Title: BCodec
Description: Encoding and Decoding the torrent datafile with BCodec.
Author: Paulo Santos
eMail: pjondevelopment@gmail.com
Environment: VB.NET 2005 (Visual Studio 2005)
Keywords: BEncode, BDecode, torrent



The Software is provided "AS IS", without warranty of any kind, express or implied, including but not limited to the warranties of merchantability, fitness for a particular purpose and non-infringement. in no event shall the authors or copyright holders be liable for any claim, damages or other liability, whether in an action of contract, tort or otherwise, arising from, out of or in connection with the software or the use or other dealings in the software.


Last year, I finally upgraded my broadband connection: from a lazy DSL to a whooping T1. Only after that I came in contact with BitTorrent. There was some commotion in the Yahoo Group that supported its development and I felt an urge to create something.

My natural development environment nowadays is the .NET platform, so I decided to write a BitTorrent client in VB.NET.

I gathered as much information about the protocol and file format I could and started coding something.

A few months after I started creating my client, the creator of BitTorrent decided to shutdown the support group (as you can read here ) and somehow it affected my desire to keep with my new creation and I aborted the project.

I did create some working classes to this project. I am making available here one of them: the BCodec. However, once I am playing around with Visual Studio 2005, I converted the entire class to work in this new environment.


BEncoding is a way of encoding information, like XML. It supports four types of data:

  • String
  • Integer
  • List
  • Dictionary

BEncoding Strings

The only strings that BEncoding supports are ASCII strings. Unicode characters are not supported by this format. However many developers work around this limitation by utilizing UTF-8 encoded string prior to BEncoding  them.

The best way of explaining how a string is BEncoded is with an example:


We have the length of the string followed by a colon and then the string itself. The above string is 15 bytes long, for instance.

Each character is taken at its binary value, for instance if following the colon we had a byte &H0 it would represent Chr(0) instead and empty string.

BEncoding Integers

Integers are the only numeric data type that are supported by BEncoding. They are encoded with a leading "i" and a trailing "e", in their human-readable decimal representation.

For instance:


Represents the integer 2010.

BEncoding Lists

List is an ordered sequence of other data types. It can contain any other data type supported by BEncoding, including other lists. Lists are encoded with a leading "l" and a trailing "e".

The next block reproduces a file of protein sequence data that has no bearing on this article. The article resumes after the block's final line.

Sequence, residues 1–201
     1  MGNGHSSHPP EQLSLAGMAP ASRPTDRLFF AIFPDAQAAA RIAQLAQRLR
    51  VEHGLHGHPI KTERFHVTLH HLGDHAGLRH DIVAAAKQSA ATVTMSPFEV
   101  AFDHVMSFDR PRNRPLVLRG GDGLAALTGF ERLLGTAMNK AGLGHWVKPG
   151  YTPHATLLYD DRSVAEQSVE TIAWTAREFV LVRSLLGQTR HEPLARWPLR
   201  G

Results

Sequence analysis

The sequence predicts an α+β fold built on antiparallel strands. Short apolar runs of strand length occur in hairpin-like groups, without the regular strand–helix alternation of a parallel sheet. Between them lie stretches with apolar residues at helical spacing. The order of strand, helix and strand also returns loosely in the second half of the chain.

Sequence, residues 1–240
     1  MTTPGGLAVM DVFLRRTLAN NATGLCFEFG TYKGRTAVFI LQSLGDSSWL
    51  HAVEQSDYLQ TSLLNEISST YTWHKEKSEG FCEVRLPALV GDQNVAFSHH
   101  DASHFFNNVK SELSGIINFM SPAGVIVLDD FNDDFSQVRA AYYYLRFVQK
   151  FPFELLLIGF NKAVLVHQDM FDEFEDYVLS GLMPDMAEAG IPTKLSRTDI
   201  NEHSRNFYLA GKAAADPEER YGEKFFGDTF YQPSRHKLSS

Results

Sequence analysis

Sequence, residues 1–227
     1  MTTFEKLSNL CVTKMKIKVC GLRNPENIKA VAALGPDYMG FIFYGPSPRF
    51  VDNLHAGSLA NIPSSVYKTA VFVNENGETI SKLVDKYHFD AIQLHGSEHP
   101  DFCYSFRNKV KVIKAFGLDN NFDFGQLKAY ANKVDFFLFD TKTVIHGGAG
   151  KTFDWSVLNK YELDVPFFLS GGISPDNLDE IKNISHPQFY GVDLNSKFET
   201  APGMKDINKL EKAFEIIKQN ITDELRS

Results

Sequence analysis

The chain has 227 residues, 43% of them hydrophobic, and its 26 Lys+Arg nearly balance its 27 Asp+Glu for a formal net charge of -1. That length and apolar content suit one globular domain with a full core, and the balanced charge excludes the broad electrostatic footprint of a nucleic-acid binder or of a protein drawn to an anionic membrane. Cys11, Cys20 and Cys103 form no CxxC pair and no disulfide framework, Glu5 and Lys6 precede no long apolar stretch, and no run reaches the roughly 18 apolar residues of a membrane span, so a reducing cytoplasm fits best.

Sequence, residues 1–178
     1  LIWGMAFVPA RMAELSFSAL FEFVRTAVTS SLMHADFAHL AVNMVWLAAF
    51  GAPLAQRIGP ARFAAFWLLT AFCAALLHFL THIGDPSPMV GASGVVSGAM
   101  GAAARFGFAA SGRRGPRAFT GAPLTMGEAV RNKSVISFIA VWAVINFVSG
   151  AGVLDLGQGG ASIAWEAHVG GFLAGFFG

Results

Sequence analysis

Each element in the list is also BEncoded.


l13:I am a String18:Next is an Integeri789ee

The above example is decoded as:

["I am a String", "Next is an Integer", 789]

BEncoding Dictionaries

A dictionary is a special types of list. Each element of a list is indexed by its position, in a dictionary the element is indexed by its key. Dictionaries are encoded with a leading "d" and a trailing "e".

The first item of a BEncoded dictionary is the first key followed by the value, followed by the second key, followed by the second value, and so on.

Both the key and the value are BEncoded.



The above example is decoded as:

  "square"  -> "yellow",
  "value"   -> 1025
  "request" -> ["banana", "tomato"]

The value of each dictionary entry can be any supported data type, including other dictionary.

The original documentation

The whole original documentation on the subject is:

BEncoding is done as follows:
  • Strings are length-prefixed base ten followed by a colon and the string. For example 4:spam corresponds to 'spam'.
  • Integers are represented by an 'i' followed by the number in base 10 followed by an 'e'. For example i3e corresponds to 3 and i-3e corresponds to -3. Integers have no size limitation. i-0e is invalid. All encodings with a leading zero, such as i03e , are invalid, other than i0e , which of course corresponds to 0.
  • Lists are encoded as an 'l' followed by their elements (also BEncoded) followed by an 'e'. For example l4:spam4:eggse corresponds to ['spam', 'eggs'].
  • Dictionaries are encoded as a 'd' followed by a list of alternating keys and their corresponding values followed by an 'e'. For example, d3:cow3:moo4:spam4:eggse corresponds to {'cow': 'moo', 'spam': 'eggs'} and d4:spaml1:a1:bee corresponds to {'spam': ['a', 'b']}. Keys must be strings and appear in sorted order (sorted as raw strings, not alphanumerics).

from the official documentation site http://www.bittorrent.com/protocol.html (broken link)

Update: For some strange reason the original file was lost, and I needed to replace with a backup file I have. I'm sorry for any inconvenience.